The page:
Child Safety

By Vanessa Rasmussen, © 2004, All rights reserved.

Accidents can occur anytime, and anyplace, even in your own house or car. Childhood and adolescence is a very vulnerable phase. Children from such an early age should be taught to protect themselves. However, the onus lies with the parents to ensure proper safety of their children. The following tips may be useful.

  • You should not leave a child unattended while shopping, visiting neighbors or friends, or running errands. Under no circumstances should you leave a child alone in a car.
  • Parents should make sure that their child memorizes his/her address and phone number at an early age. A second phone number of a friend or relative is also helpful.
  • If the child is a latch-key kid, make sure that he or she knows how to keep all doors and windows locked. They should be taught to never let anyone know that they are alone, and more importantly never let anyone in the house.
  • Teach your children to scream and run if a stranger approaches them in an alarming manner. The child should be taught to always tell you immediately if he or she is approached by a stranger who asks for help, offers candy/gifts, or frightens him/her in anyway.
  • They should be told that they should not give away their personal information to strangers and should not agree to meet anyone personally, especially over the internet. They should be told that people are not always what they claim to be, adults can be posing themselves as children too.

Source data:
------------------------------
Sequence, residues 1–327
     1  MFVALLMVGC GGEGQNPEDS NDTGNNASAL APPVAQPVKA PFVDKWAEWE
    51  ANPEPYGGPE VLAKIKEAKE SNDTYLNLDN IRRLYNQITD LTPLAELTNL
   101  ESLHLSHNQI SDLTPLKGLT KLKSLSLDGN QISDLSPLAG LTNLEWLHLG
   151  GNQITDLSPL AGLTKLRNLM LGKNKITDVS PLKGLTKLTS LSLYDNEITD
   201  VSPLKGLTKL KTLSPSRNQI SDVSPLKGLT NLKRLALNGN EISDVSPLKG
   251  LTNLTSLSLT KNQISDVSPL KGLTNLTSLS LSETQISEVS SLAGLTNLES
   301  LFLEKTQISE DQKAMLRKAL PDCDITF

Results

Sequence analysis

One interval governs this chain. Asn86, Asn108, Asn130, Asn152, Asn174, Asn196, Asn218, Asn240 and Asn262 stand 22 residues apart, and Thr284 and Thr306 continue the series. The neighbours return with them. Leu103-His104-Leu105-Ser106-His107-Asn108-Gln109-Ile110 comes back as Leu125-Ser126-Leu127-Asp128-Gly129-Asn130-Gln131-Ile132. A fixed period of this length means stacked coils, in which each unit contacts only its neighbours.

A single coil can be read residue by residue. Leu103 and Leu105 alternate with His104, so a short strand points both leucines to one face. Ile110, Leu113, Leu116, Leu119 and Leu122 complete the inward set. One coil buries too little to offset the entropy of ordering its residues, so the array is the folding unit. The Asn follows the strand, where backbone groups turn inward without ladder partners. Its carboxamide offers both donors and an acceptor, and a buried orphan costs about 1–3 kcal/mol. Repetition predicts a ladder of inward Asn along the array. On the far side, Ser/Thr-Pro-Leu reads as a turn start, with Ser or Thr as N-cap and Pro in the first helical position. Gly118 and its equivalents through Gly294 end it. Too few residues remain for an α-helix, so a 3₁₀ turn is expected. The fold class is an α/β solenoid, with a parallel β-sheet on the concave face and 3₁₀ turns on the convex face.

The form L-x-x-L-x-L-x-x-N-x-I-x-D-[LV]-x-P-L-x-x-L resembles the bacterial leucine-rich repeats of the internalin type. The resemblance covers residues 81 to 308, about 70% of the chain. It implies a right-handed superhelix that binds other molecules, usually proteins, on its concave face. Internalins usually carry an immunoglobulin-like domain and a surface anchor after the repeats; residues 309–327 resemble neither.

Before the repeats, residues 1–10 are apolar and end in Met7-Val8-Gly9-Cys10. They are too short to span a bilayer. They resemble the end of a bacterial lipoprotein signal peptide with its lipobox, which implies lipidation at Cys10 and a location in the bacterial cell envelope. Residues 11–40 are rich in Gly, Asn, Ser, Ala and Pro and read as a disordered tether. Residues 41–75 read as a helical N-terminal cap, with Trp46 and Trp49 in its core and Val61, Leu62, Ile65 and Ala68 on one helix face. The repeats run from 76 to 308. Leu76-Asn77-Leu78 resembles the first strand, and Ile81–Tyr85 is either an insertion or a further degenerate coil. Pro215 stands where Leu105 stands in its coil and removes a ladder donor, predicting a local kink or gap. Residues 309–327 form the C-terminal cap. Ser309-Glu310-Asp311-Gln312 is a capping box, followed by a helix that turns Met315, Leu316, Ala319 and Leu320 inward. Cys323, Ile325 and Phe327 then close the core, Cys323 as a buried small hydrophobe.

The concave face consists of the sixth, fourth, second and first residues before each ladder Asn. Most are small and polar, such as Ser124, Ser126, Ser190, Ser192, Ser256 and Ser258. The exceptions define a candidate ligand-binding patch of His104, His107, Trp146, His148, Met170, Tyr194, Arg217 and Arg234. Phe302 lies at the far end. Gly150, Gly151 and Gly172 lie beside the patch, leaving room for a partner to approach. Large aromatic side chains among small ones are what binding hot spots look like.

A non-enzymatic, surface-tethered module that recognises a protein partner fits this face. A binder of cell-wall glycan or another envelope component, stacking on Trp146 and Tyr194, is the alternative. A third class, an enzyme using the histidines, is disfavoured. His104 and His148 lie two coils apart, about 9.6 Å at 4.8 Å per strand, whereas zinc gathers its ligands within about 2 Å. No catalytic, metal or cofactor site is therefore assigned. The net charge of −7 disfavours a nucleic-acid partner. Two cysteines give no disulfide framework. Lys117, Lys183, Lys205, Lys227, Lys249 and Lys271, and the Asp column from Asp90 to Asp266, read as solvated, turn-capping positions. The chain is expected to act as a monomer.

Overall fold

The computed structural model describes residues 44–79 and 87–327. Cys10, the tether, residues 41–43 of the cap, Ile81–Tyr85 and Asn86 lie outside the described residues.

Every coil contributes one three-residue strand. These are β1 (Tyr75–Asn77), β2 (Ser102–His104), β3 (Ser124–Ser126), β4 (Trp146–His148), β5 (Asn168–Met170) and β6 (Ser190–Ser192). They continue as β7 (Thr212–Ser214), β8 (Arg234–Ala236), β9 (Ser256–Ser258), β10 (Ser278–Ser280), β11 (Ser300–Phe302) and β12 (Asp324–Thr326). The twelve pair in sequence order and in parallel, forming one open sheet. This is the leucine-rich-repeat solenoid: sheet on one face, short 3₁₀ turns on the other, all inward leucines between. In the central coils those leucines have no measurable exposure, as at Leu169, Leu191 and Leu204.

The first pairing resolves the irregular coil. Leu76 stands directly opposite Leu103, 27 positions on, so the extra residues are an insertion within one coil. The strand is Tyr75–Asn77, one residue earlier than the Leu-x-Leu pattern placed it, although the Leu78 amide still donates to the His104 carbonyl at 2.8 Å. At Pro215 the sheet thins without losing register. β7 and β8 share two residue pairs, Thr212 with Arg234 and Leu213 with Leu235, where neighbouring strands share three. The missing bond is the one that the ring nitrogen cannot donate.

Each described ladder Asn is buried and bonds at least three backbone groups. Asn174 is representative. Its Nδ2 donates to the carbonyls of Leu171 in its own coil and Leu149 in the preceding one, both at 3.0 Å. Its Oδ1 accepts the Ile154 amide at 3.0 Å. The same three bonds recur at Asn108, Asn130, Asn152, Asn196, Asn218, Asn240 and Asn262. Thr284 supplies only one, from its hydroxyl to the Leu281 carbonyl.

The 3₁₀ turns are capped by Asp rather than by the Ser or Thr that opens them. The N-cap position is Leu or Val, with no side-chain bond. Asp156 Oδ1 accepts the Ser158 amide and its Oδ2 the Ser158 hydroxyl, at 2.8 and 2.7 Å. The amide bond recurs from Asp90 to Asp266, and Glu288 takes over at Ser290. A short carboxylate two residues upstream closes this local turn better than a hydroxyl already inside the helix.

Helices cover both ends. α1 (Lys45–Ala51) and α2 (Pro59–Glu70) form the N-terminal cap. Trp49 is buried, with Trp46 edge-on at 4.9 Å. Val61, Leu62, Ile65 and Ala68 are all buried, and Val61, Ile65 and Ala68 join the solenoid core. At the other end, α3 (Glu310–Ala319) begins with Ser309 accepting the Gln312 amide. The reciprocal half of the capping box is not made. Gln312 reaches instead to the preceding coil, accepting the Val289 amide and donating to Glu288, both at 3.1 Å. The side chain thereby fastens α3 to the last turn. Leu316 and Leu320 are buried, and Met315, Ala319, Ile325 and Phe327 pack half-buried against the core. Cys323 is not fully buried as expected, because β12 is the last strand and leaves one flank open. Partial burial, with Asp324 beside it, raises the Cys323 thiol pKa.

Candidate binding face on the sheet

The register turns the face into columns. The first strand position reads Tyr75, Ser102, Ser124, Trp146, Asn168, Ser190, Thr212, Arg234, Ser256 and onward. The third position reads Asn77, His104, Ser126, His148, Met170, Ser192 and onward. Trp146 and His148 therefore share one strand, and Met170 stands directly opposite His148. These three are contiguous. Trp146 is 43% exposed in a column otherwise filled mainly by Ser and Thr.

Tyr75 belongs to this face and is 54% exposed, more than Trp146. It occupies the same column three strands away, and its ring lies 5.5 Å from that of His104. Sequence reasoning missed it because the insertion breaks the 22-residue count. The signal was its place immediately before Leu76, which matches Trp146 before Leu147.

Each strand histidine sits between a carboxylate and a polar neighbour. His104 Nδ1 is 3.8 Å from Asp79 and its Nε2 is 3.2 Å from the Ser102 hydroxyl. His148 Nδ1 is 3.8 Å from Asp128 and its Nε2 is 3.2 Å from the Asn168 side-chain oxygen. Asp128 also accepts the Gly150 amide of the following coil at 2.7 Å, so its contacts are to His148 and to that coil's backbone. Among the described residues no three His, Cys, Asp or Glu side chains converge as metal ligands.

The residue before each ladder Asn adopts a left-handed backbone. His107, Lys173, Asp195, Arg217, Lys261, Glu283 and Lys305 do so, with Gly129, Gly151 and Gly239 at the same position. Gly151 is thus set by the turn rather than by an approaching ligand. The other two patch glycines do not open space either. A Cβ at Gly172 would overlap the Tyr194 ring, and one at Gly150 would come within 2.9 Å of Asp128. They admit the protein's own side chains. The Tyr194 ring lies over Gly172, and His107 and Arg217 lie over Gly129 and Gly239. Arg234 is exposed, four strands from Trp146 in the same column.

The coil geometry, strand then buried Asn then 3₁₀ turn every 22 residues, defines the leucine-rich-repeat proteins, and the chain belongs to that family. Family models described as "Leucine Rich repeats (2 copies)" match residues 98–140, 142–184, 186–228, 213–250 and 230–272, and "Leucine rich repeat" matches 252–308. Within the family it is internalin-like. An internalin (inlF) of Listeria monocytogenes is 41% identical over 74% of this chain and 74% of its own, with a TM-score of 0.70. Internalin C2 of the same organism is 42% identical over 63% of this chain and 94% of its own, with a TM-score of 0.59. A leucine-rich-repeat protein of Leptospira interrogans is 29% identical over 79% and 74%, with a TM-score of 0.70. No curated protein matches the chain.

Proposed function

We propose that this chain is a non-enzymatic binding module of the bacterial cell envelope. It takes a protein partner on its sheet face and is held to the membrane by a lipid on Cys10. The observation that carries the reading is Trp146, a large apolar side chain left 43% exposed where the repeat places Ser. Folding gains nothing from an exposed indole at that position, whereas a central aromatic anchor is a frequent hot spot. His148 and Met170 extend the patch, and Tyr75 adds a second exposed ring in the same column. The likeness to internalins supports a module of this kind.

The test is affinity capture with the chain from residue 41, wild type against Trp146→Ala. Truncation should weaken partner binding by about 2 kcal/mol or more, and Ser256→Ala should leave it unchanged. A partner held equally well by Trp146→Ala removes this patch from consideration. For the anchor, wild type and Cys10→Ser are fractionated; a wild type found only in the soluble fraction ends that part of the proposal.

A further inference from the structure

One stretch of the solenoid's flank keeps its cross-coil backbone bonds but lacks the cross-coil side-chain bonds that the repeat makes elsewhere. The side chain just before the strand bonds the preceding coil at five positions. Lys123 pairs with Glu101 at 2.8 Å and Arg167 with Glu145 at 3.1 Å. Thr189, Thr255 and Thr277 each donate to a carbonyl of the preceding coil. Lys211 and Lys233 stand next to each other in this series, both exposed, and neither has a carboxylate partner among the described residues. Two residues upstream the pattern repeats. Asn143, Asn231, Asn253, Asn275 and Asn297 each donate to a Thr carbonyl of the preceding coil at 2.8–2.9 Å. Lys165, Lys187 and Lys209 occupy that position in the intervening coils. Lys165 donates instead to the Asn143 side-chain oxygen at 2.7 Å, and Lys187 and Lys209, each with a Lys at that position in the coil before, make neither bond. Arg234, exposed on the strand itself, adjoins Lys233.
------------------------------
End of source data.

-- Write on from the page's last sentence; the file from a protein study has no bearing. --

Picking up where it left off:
• Unplugged and unused electrical appliances should be kept away in storage.
  • Place plants, plastic bags, candy, coins and hot drinks on high counters, tables or surfaces. Keep cleaning products, chemicals and all pharmaceuticals in secured cabinets. This prevents the risk of the child choking on hazardous substances.
  • In case of fire, develop an escape plan, practice with your family and teach your child all precautions that should be taken.
  • Pills, Bug spray, ointments, etc. should be kept at a safe distance from children. It can be kept in a small suitcase with combination locks.
  • Infants and children who are less than 13 years of age should travel in back seat and should be appropriately restrained.
  • Teach children to look both sides before crossing the road to prevent accidents.

Copyright 2001, 2004. All rights reserved. Any reproduction of this article in whole or in part without written or verbal permission is strictly prohibited. For information about reprinting this article, contact the copyright owner: Vanessa Rasmussen, Ph.D, Starting a Day Care Center,